The tinkerers at Quattro GmbH can build performance cars as well as any other automaker, but in its twenty-nine years of existence, the go-fast outfit has failed to establish a cadence as to where and when it uses the RS treatment. That's about to change as Audi elevates its performance sub-brand in an effort to replicate the reputation and consistency of BMW's M and Mercedes-Benz's AMG divisions. Give it a few years, and Quattro will be spreading its seed to any Audi that will lift its hood long enough for an engine swap.
If earning our attention with the firecracker TT RS was the first step in jump-starting the RS lineup, step two comes with this RS5, the closest thing to an official announcement that Quattro intends to run wheel-to-wheel with M and AMG. By targeting the BMW M3 and the Mercedes-Benz C63 AMG coupe -- two of the most respected cars to ever come out of an in-house tuner -- Audi has taken the fight straight to the competition.
Like its rivals, the RS5 refuses to buy into the turbocharged myth that, when it comes to performance cars, you can save your fuel and burn it, too. At this level of raw talent, normal aspiration remains a coveted mark of exclusivity, and the Audi RS5 is as genuine as they come. The 4.2-liter direct-injected V-8 isn't defined by its 450 hp and 317 lb-ft of torque as much as it is by its stratospheric redline of 8500 rpm. This engine is a model of linear, free-revving performance.
Even with the $1000 sport exhaust, the RS5 emits a subdued thrum too smooth to call a rumble and too quiet to call a roar. More volume and more bark would give it some attitude, although the civility of the soundtrack highlights just how polished the powertrain is. By the time the rev limiter finally gets around to putting a lid on your acceleration, the pistons are dancing as quickly as a Formula 1 car's.
The engine is tied to an equally fluid seven-speed dual-clutch automatic, the only available transmission. That unit is the quickest-shifting S tronic gearbox Audi has ever produced, but it shifts with far less violence than Porsche's PDK set to its most aggressive mode. The Audi's automatic also packs flawless logic in normal, sport, and manual modes; the last will hold a gear against redline.
Although the RS5 has clearly borrowed its powertrain playbook from the M3 and the C63, Audi won't acquiesce to groupthink when it comes to drive wheels. Quattro couldn't take a pass on its namesake all-wheel-drive system, so in place of burnouts and donuts is the unflappable traction of a 40/60-percent front/rear baseline torque split. There's no question that it's of benefit in putting the power down, but all-wheel drive also introduces some sterility to the experience of tracking the RS5.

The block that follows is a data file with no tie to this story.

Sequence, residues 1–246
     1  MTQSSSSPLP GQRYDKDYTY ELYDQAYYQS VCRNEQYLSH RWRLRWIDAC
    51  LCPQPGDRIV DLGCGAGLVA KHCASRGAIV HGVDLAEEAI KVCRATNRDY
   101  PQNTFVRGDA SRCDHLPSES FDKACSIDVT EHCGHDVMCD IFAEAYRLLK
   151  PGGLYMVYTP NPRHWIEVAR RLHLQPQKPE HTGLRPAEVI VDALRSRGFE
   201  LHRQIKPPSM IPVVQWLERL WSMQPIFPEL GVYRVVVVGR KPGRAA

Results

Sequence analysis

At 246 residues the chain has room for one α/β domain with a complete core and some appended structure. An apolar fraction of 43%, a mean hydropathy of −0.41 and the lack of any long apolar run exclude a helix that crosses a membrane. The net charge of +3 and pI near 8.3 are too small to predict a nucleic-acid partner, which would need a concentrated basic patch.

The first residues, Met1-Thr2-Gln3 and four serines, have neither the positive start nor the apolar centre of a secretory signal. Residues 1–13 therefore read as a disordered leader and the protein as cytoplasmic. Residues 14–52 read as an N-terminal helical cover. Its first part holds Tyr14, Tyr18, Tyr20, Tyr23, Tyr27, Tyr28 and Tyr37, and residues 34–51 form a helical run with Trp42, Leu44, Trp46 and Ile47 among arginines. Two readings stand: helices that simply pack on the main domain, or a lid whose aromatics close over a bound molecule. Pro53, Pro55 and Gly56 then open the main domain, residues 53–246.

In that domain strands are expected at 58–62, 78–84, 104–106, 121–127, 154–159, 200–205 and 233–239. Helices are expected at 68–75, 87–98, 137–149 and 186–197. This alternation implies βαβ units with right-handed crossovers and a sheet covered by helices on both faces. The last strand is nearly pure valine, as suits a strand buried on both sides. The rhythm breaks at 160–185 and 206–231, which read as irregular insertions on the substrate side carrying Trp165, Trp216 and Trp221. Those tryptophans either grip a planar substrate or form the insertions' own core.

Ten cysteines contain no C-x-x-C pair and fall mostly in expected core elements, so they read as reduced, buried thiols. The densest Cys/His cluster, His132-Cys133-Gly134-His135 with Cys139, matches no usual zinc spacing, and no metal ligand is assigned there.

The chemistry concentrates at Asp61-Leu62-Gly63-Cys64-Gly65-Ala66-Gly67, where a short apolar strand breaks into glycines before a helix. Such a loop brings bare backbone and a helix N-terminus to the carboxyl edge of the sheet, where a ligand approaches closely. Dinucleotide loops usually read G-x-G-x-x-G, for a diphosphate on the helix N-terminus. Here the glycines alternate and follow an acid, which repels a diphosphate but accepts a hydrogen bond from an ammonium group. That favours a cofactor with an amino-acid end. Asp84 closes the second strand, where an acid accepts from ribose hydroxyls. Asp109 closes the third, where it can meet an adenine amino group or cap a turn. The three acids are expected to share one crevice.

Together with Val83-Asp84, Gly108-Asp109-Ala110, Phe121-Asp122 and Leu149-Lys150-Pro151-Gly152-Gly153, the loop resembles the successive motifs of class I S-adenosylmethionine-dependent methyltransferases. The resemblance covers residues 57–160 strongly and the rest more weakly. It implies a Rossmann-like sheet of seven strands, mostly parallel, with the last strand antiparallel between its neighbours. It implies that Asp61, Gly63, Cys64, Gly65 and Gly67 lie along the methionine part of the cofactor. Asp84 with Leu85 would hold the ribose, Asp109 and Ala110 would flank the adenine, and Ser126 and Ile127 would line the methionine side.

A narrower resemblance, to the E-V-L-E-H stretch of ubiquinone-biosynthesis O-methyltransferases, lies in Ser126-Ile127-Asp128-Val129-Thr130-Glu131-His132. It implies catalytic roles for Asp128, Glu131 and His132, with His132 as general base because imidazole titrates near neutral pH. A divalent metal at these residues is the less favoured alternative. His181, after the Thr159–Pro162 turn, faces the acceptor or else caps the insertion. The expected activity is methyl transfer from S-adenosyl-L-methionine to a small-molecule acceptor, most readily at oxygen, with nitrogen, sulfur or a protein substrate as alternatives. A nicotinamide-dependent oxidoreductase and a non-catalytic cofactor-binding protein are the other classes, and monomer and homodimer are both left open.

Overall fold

You wouldn't call the RS5 benign, though. Thanks to the standard torque-vectoring rear differential, the back end is eager to swing around in corners. Carrying throttle through the tight 180-degree turn 7 at Sonoma Raceway (nee Infineon, nee Sears Point), there's no question that this single piece of hardware is the difference between egregious understeer and precise rotation. Lap after lap, turn after turn, it consistently dials in the slightest amount of controlled oversteer that makes for the quickest way around a bend.
If going fast is a priority, you'll want to skip the variable-ratio steering that comes packaged with blind-spot monitoring and adaptive cruise control. The system is fairly innocuous on the street, but we were repeatedly caught by surprise on the racetrack when initial inputs returned more steering than anticipated. You can put full faith in the brakes, though. With eight-piston binders up front and floating discs (to fend off heat-induced warpage) with a wave-shaped outer diameter (to save nine pounds) at all four corners, the brakes readily scrub speed on the track and are easily modulated on the street. They're so effective that carbon-ceramic front discs aren't just optional; they're superfluous.
Audi's Drive Select is standard, altering the steering effort, throttle, transmission, exhaust, and differential among three settings. While comfort, auto, and dynamic each have their own merits, the selectable settings are more of an indulgence than a part of the car's character. We have the feeling that Audi could build a great car (possibly even a better car) with a single calibration for each of those parameters, just as they've done with the fixed-rate suspension. On Northern California's forgiving roads, we found a perfect ride and handling balance with the optional twenty-inch wheels.
With its silky engine, lively differential, and stout brakes, the RS5 is every bit worthy of the RS badge, but that's not where Quattro stops when it comes to aesthetics. Every body panel save for the doors, the roof, and the hood is changed from the A5, yet, true to Audi subtlety, you might guess at first glance that every panel save for the front clip is untouched. It's not until you're standing next to the car, looking down on the broad fenders, that you really appreciate the RS5's wide body.
It doesn't require that close of an inspection to appreciate that this RS5 can hang with an M3 and a C63 AMG. In fact, it's good enough that Audi may have already arrived at step three in establishing RS's new relevance: it might just beat the competition.
On sale: Now
Engine: 4.2L V-8, 450 hp, 317 lb-ft
EPA Mileage: 16/23 mpg